Generally, scientists have focused on planets that exist within a ‘Goldilocks zone’, an area where a planet can orbit its host star without it becoming too hot nor too cold for liquid water to form on its surface.
However, this is not the only important factor; sustaining the sort of climates necessary for life to develop requires a planet to have sufficient heat to power a carbon cycle.
A primary source of this is the radioactive decay of thorium and potassium, which can power convection in a planet’s mantle – the layer of rock between the crust and the outer core.
The resulting carbon dioxide gas escaping as a part of this process then reaches the atmosphere, which helps keep the planet warm.
“We know these radioactive elements are necessary to regulate climate, but we don’t know how long these elements can do this, because they decay over time,” said Dr. Cayman Unterborn, lead author of an Astrophysical Journal Letters paper about the research.
“Also, radioactive elements aren’t distributed evenly throughout the Galaxy, and as planets age, they can run out of heat and degassing will cease. Because planets can have more or less of these elements than the Earth, we wanted to understand how this variation might affect just how long rocky exoplanets can support temperate, Earth-like climates.”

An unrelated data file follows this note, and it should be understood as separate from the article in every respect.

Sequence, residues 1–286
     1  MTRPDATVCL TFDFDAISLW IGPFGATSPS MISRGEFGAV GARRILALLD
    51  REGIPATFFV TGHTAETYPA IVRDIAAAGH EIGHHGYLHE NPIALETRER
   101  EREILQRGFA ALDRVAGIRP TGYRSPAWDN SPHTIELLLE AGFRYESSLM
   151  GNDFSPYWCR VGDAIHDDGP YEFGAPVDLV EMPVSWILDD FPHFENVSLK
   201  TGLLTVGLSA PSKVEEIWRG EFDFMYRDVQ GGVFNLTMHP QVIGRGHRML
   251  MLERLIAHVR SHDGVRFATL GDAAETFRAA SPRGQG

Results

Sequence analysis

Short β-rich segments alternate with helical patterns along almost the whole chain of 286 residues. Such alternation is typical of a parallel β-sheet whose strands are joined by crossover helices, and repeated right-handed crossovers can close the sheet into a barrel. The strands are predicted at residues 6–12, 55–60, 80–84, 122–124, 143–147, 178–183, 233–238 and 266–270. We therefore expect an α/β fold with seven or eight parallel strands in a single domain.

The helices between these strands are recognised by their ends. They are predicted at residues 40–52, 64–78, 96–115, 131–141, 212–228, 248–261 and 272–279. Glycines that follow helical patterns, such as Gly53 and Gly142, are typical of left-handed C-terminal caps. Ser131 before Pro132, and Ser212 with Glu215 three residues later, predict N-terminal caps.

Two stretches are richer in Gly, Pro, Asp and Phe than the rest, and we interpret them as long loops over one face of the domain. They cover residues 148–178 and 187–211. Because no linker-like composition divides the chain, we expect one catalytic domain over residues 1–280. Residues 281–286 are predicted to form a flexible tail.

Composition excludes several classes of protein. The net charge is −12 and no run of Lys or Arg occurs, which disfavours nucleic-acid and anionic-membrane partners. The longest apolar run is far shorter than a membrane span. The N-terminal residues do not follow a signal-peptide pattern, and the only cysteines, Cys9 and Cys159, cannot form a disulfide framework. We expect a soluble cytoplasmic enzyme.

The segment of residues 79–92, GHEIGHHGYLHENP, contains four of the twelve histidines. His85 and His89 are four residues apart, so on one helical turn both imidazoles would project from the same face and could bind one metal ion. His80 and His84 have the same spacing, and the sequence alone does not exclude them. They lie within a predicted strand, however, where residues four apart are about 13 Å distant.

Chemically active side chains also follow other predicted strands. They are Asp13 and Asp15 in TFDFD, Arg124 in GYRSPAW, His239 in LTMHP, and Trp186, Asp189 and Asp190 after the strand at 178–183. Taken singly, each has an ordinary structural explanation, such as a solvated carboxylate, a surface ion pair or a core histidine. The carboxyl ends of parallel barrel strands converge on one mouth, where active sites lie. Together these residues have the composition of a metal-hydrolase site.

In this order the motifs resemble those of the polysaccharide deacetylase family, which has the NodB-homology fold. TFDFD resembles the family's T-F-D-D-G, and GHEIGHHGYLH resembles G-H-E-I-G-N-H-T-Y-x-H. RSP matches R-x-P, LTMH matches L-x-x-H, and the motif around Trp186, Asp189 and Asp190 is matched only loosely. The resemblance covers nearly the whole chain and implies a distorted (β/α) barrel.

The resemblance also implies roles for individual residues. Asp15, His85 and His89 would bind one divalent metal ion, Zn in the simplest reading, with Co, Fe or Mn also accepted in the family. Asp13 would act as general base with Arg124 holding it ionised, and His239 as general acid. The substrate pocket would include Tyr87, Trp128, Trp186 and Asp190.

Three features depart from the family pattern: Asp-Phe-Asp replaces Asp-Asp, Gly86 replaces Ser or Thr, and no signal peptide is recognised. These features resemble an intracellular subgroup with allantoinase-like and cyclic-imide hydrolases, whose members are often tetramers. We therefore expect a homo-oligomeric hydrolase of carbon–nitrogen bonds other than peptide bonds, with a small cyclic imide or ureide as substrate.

Scientists believe that younger, rocky planets are more likely to support these kind of Earth-like, temperate climates. While current technology cannot measure the composition of an exoplanet’s surface - nor its interior – it can be used to measure how light interacts with the elements in a star’s upper layers. This data lets scientists infer its composition.
“Using host stars to estimate the amount of these elements that would go into planets throughout the history of the Milky Way, we calculated how long we can expect planets to have enough volcanism to support a temperate climate before running out of power,” Unterborn said.
“Under the most pessimistic conditions we estimate that this critical age is only around 2 billion years old for an Earth-mass planet and reaching 5–6 billion years for higher-mass planets under more optimistic conditions. For the few planets we do have ages for, we found only a few were young enough for us to confidently say they can have surface degassing of carbon today, when we’d observe it with, say, the James Webb Space Telescope.”
More experiments will help scientists quantify the parameters for possible life-supporting planets, with the possibility of detecting alien life. The research, ‘Mantle Degassing Lifetimes through Galactic Time and the Maximum Age Stagnant-lid Rocky Exoplanets can Support Temperate Climates’, has been published in The Astrophysical Journal Letters.
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